Many life insurance carriers have implemented some type of accelerated underwriting program for life insurance. As promising as some of these programs are, however, there is still a balance between efficiency and risk management that needs to be maintained to facilitate continued growth. Carriers could implement an automated process with a fully underwritten price by obtaining medical records at the time of application rather than waiting for labs and physician statements (as is current practice).
Evaluation of EHRs Versus Attending Physician Statements
Nationwide (the company where I work) recently conducted a pilot project with a third-party provider to capture data from EHRs and then compared the EHR-sourced data against data gathered from traditional underwriting requirements. The pilot ran both retrospectively—where we reached out to customers with inforce policies and asked them to provide access to medical records—and prospectively—where we gathered EHR data in parallel to an application going through the traditional underwriting process.
Choice of EHR Source
Life insurance companies are exploring two methodologies for gathering EHR data. Our initial pilot used a portal to allow the life insurance applicant to sign into his or her account with his or her medical provider, and then port the medical records to the insurance company for review. The second method involves the applicant providing authorization, and then a third-party aggregator or HIE collects the medical records from the various data sources. This is similar to how insurance companies work with providers to gather prescription drug data. The third-party provider in this case has created a special process or algorithm to aggregate medical records from multiple parties in the health care industry, and the third-party company contracts with several health care data sources (including health plans or provider networks) to facilitate the data collection for the insurance carrier.
There are pros on cons to each approach. The biggest challenge we observed in our pilot for the user-directed sign-on approach is that applicants and advisers are hesitant to use it. It represents a change in the usual process, and even with incentives, it is difficult to change behavior. When the EHR data was shared, we found the EHR either provided the same quality of data as the attending physician statement (APS) or it would have led to the same underwriting decision as the traditional process in most cases.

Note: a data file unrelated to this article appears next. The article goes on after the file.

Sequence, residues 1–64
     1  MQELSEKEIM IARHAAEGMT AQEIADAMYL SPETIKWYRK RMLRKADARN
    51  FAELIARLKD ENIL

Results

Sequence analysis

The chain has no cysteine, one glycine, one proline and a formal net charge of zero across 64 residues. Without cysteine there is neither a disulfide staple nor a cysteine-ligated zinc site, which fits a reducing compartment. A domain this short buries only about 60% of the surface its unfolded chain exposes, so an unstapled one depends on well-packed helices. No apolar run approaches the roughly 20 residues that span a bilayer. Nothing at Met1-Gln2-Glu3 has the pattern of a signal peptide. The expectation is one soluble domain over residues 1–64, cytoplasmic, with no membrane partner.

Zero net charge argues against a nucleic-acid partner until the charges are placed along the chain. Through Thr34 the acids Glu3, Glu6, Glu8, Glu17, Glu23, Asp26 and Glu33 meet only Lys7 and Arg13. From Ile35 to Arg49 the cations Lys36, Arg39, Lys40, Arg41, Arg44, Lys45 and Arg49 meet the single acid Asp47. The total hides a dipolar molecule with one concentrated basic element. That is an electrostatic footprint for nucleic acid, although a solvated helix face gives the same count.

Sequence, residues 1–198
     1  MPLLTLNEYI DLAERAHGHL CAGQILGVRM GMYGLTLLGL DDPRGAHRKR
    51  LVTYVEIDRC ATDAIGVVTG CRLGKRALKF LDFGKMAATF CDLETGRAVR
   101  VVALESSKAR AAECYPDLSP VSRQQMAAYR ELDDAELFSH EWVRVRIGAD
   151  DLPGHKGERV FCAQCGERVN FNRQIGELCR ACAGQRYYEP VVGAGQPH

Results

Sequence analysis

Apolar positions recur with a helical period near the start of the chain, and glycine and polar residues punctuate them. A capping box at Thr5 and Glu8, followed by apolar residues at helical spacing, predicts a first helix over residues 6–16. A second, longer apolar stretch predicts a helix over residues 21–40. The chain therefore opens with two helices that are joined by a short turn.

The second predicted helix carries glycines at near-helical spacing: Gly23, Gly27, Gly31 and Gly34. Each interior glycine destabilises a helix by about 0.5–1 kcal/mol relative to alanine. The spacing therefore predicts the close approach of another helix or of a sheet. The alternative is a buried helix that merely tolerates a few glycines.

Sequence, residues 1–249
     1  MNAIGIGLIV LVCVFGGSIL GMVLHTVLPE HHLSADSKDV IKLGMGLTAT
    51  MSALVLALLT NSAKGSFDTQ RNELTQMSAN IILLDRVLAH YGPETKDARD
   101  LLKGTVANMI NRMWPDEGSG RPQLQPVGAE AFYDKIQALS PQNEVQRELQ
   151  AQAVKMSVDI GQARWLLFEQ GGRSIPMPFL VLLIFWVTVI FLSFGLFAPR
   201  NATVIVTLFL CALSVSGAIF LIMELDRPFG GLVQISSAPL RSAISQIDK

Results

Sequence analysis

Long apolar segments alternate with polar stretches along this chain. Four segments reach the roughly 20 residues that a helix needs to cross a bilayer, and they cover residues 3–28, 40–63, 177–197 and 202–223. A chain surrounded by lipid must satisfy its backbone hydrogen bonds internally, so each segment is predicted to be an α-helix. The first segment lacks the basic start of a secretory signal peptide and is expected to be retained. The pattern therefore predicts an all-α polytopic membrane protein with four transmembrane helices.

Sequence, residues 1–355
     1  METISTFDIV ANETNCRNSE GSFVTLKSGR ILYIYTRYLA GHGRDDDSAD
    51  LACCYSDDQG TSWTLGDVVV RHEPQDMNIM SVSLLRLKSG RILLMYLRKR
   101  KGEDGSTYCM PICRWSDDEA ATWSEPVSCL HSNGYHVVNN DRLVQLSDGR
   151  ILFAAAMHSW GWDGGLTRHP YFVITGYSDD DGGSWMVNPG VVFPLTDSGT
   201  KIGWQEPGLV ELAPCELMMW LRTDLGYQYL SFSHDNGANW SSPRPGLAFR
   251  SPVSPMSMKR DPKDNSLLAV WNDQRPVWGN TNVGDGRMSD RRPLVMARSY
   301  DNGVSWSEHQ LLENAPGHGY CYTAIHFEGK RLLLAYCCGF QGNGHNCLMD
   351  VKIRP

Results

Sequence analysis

For the data aggregator or HIE, the hit rates are still very low, as those working on these solutions are still growing their network of data contributors. It is a concern that using this type of process could provide several cases where either no data is returned or the data is very sparse and captures only a fraction of the applicant’s medical history. There is a fear that implementing this type of approach with a low hit rate could actually make the underwriting process worse because the traditional underwriting requirements are delayed while waiting for the EHR to be retrieved and assessed.
Potential Beyond Replacing the APS
When reviewing the data gathered from EHRs, we looked at it based on two dimensions. First, does the EHR match the data provided by the APS for the given insured? Some people may want to stop here; however, EHRs provide the potential to go beyond the traditional point-in-time requirements and look at the health of the applicant over a period of time. Longitudinal information can give considerably more insight into the health of an applicant over time. We are excited by the possibility of revisiting underwriting guidelines and looking closely at disease progression.
Based on our initial pilot project comparing the data available from EHRs against traditional life insurance requirements, we recognize EHRs are not yet ready to be used for underwriting. For a process to be adopted, we need to make sure it delivers quality data in a consistent manner. User portals are still seen by the applicant as an extra step in the process and are not being embraced despite their potential. Health records obtained by data aggregators are returning a low hit rate that won’t satisfy the requirements of the insurer to reduce the amount of time and effort spent to underwrite a case.
Despite the issues observed in our pilot project, the potential is high in the near future for insurers to use EHRs for underwriting. First, it would improve the quality of underwriting by using verified medical data at the time of the application. Second, it would improve the user experience by reducing the burden placed on the users to answer questions.
The effort required to make this a reality is not trivial, and insurers are looking for innovative partners to help them achieve this automation rather than driving this research and development work internally.
Copyright © 2018 by the Society of Actuaries, Schaumburg, Illinois.